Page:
This Year, Give Your Kids and Grandkids a Gift That Will Change Their Lives Forever

Published December 21, 2017

“Give a man a fish and you feed him for a day; teach a man to fish and you feed him for a lifetime”

I recently celebrated my 43rd revolution around the sun and engaged in an interesting Facebook feature, the ability to have your friends give money to a charity of your choice. I picked Junior Achievement of Georgia and was blessed enough to have friends, mentors, peers and family give in excess of $300 without me saying a word or making a pitch.

The experience reminded of my senior year at Lassiter High School when Junior Achievement (JA) of Georgia came in to teach our Honors Economics class. In 1993, JA sent in the owner-operator of a Chick Fil-A at one of the East Cobb locations here in Atlanta. While I don’t remember much about that class 25 years later, I do remember learning that a large iced tea cost the owner-operator 2 cents…and voila… the concept of the profit margin was born in my brain.

This was my first true lesson in Economics 101, never mind all the academic stuff and tests I took throughout that year. Even though I had gotten into University of Pennsylvania’s Wharton school of undergrad Economics, it was the simplicity of the 2-cent iced tea that had an impact on this 18-year-old girl. The revelation clearly impacted me deeply, since I’m writing about it 25 years later.

So ‘tis the season of giving and everyone is in mall traffic gridlock around Atlanta (or on Amazon in my case) trying to come up with gifts for their kids and grandkids, hoping to bring unadulterated joyful chaos into the home. After all, that’s part of what makes the holidays feel like holidays! While these gifts of toys, tablets, video games, savings bonds or college 529 plan contributions are important, I would suggest that there is something far more valuable and meaningful you can give.

Teach your kids some fundamentals about money and engage with them on it.

Like the old adage about the value of a fish versus teaching a man to fish, giving the gift of financial understanding offers a lifetime of benefit that far exceeds the value of any financial gift itself. If you want to encourage financial success for your children and grandchildren throughout their lives, consider providing financial education that can help them enjoy the rewards of this knowledge for decades to come.

Here are 3 tips to build your financial education plan:

1.) Give them an allowance, and then let them use it – mistakes and all

If they don’t understand how “money spends” and how it feels when you don’t have enough or have a lot, money remains an esoteric concept. Make them monitor the check register, even though you don’t use checks. Seeing and understanding a credit/debit concept in practice is important, and this exercise will help make it real.

2.) Create rules for spending the allowance

I like the idea of dedicating 1/3 for fun, 1/3 to save for something big of their choice and 1/3 for charity. Go visit and engage with some local non-profits together, so that they have buy-in to the idea of supporting the charity of their choice. My son is an animal kid, so his philanthropic piece goes to animal rescue entities.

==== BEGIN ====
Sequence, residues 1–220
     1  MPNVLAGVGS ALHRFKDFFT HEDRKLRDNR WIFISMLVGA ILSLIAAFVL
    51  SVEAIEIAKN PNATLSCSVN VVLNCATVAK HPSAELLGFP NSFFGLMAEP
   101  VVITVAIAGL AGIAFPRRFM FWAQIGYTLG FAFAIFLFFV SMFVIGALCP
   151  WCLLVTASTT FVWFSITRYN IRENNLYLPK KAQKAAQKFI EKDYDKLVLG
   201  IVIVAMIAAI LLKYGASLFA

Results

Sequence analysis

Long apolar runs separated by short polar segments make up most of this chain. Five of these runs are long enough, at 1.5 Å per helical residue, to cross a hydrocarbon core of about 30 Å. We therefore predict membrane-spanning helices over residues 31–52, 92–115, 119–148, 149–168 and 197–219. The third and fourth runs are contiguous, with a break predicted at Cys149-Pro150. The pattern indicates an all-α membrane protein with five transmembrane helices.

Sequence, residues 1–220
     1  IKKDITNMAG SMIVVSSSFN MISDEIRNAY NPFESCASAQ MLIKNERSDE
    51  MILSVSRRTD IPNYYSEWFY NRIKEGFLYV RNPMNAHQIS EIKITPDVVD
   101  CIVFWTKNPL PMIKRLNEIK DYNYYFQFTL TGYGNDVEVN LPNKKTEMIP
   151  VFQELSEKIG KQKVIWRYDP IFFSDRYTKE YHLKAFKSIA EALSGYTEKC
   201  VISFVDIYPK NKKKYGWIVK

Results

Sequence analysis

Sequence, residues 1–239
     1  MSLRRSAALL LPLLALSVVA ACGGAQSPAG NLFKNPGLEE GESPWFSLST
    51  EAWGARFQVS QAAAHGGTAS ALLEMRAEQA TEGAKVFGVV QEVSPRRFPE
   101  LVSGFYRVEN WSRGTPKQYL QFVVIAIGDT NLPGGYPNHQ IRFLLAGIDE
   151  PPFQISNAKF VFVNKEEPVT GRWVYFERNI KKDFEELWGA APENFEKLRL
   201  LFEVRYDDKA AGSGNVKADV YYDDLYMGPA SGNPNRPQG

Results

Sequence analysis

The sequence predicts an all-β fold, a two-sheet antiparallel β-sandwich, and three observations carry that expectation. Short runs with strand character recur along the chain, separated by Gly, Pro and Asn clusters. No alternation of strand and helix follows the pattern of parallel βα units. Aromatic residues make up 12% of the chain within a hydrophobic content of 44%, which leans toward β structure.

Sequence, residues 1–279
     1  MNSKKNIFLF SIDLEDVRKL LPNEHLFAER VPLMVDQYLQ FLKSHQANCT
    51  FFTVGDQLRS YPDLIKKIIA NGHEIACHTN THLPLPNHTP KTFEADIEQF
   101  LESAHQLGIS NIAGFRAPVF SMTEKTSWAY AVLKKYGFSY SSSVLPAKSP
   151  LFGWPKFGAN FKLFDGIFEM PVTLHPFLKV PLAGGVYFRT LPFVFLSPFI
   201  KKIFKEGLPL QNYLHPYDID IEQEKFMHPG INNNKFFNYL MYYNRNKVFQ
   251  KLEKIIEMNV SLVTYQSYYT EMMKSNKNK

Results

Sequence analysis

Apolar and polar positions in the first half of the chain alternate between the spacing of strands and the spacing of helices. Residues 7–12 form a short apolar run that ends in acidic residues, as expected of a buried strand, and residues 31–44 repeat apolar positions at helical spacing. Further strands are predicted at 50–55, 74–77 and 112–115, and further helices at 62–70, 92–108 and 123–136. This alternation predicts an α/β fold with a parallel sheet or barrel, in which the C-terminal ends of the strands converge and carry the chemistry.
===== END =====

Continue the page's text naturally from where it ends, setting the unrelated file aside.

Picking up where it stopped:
3.) Consider investing in something together

The engagement time together is a key component to this. You may wish to invest in a few local stocks or some basic mutual funds…or anything else. Whatever the child chooses to invest in, do it together. Systematically monitor the investment and review the statements together every month. This teaches how money can grow through wise investment, and it will also further the (grand)parenting relationship.

Without specifically targeted financial education even the brightest students don’t automatically come out of college knowing how money works, whether or not they’re graduating with a crazy amount of student loan debt. In my practice, I’ve seen the super-intelligent 20-something PhD students at my alma mater, Georgia Tech, have some of the same questions that I might get from my 12-year-old. Give your child or grandchild the best education around money that you can, so that they already know how the real world works when they’re ready to graduate.

Last year at a business function I happened to see that same owner-operator whose iced tea profit margin made such an impression on me. I talked with him and made sure to tell him about my experience and his profit margin lesson’s impact.

Do the same thing for your kids and grandkids: our future leaders. Financial knowledge is power, and this kind of power can lead to the amazing future you want for them.

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Meredith C. Moore, Registered Representative, offering securities through NYLIFE Securities LLC, Member FINRA/SIPC, A Licensed Insurance Agency. 1125 Cambridge Square, Suite C, Alpharetta, GA 30009 (770) 587-0281. Financial Adviser offering investment advisory services through Eagle Strategies LLC, A Registered Investment Adviser. Member Agent, The Nautilus Group® a service of New York Life Insurance Company. Moore and Associates Wealth Management is not owned or operated by NYLIFE Securities LLC or its affiliates. Moore and Associates Wealth Management as well as NYLIFE Securities LLC and its affiliates do not provide tax, legal or accounting advice.

Ms. Moore can be reached via email at or telephone at (770) 587-0281.